PIC activation is the provisioning process whereby the incumbent telephone companies switch a customer's long distance service over to a competitor, when requested to do so. The service provisioning interval should be two business days for routine PIC activation and 11 to 16 days for complex services such as Centrex and Megalink. The measurement is performed by sorting completed PIC requests to determine the actual number and percentage completed per MT&T's PIC/CARE Access Customer Handbook which is approved by the CRTC. The interim (1998) service quality standard set by the CRTC is


Maritime Telegraph & Telephone Company

Quality of Service Indicator 1.7 as reported by MT&T to the CRTC

Year 1998

QSI Group CRTC
Standard
Jan Feb Mar Apr May Jun Jul Aug Sep Oct Nov Dec
1.7 U & R 90% or more 93% 92% 91% 76% 92% 89%            


Items which do not meet the standard are shown on a yellow background.
"U & R" means Urban and Rural combined






QSI 2.1

Quality of Service Indicator
for Telephone Companies
2.1






Indicator 2.1: Out-of-Service Trouble Reports Cleared Within 24 Hours
The official definition (2003)

The telephone company will keep records of Initial Out-of-Service Trouble Reports, and of those cleared within 24 hours. The reported number is the number cleared within 24 hours expressed as a percentage of the total. [An Initial Out-of-Service Trouble Report is a report indicating improper functioning of service on which there was no outstanding trouble report. That is, repeat reports of the same problem will not be counted, for the purpose of this Indicator.] The interim (1998) service quality standard set by the CRTC is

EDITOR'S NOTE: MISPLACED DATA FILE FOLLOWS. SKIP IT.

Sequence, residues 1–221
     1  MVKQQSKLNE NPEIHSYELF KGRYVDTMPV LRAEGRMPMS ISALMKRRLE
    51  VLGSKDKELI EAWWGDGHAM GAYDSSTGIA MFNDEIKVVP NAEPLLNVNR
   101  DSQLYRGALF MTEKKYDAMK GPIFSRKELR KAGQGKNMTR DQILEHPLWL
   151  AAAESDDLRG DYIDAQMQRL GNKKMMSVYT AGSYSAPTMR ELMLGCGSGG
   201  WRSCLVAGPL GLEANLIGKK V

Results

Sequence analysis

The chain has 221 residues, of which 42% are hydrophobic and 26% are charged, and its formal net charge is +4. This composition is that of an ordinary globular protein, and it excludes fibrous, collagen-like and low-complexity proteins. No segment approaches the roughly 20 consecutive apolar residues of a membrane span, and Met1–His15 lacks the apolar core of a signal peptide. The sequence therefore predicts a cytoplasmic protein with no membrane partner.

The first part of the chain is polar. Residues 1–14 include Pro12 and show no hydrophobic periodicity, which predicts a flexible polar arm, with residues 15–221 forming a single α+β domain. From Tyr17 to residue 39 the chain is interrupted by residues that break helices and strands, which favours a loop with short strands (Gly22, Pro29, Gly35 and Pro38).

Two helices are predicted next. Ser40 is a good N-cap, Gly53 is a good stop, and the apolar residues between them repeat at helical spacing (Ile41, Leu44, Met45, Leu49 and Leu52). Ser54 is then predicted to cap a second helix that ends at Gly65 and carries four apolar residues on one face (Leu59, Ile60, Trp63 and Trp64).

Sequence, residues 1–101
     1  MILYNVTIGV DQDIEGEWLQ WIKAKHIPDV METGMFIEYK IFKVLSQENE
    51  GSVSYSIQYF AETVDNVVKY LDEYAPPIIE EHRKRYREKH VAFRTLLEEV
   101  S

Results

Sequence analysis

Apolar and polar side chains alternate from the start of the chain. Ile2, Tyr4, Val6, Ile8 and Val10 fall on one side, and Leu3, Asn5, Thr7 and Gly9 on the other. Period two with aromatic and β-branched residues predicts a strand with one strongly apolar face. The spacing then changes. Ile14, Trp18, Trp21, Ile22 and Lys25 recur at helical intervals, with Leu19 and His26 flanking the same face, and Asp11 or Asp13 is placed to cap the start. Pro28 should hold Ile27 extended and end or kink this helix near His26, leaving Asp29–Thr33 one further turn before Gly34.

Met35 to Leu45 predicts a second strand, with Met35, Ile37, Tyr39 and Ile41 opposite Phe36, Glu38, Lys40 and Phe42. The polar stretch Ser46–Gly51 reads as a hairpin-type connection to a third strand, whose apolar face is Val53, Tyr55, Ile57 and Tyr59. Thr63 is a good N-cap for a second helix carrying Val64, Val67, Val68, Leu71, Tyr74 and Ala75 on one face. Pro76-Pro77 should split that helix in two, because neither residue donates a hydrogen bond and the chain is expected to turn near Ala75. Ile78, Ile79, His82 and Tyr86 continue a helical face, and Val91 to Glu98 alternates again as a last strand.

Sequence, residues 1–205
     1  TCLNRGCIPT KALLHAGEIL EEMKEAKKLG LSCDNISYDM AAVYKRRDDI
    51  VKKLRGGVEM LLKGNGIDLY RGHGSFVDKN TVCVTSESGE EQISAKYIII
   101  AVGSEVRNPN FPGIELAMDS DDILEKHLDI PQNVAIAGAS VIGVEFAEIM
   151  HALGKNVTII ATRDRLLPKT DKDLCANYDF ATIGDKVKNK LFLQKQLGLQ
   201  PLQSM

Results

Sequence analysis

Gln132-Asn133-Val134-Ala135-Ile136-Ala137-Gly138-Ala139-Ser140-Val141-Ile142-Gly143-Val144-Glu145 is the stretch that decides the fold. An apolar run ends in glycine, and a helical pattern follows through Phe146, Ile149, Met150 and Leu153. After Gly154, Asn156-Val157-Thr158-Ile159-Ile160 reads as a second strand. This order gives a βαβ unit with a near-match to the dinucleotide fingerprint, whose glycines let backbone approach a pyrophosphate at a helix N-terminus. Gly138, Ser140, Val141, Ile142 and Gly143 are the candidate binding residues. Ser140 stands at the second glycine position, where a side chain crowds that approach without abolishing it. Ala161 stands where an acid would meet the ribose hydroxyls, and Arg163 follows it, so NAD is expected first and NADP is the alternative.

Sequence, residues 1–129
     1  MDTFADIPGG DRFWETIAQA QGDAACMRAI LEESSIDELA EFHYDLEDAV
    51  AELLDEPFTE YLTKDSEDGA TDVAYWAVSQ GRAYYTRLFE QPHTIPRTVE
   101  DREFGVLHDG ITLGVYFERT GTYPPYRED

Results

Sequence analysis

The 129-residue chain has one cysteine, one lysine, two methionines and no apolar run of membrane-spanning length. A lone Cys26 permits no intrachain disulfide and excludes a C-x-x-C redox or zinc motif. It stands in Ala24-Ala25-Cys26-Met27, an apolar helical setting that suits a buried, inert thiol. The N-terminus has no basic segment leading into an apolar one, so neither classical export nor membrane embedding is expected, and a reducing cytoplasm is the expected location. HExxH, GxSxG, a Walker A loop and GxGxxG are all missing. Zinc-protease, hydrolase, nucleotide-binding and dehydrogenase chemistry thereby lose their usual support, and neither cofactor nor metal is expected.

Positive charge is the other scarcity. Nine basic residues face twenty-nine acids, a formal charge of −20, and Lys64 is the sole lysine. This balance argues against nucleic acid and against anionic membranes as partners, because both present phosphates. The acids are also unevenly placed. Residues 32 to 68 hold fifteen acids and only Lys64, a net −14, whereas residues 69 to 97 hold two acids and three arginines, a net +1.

Maritime Telegraph & Telephone Company

Quality of Service Indicator 2.1 as reported by MT&T to the CRTC

Year 1998

QSI Group CRTC
Standard
Jan Feb Mar Apr May Jun Jul Aug Sep Oct Nov Dec
2.1A Urban 80% or more na na na na na na na na na na na na
2.1B Rural 80% or more 70% 69% 59% 75% 73% 71%            


Items which do not meet the standard are shown on a yellow background.
"na" means Not Available






QSI 2.2

Quality of Service Indicator
for Telephone Companies
2.2






Indicator 2.2: Repair Appointments Met
The official definition (2003)

The telephone company will keep records of repair appointments made. The reported number is the number met expressed as a percentage of the total. The interim (1998) service quality standard set by the CRTC is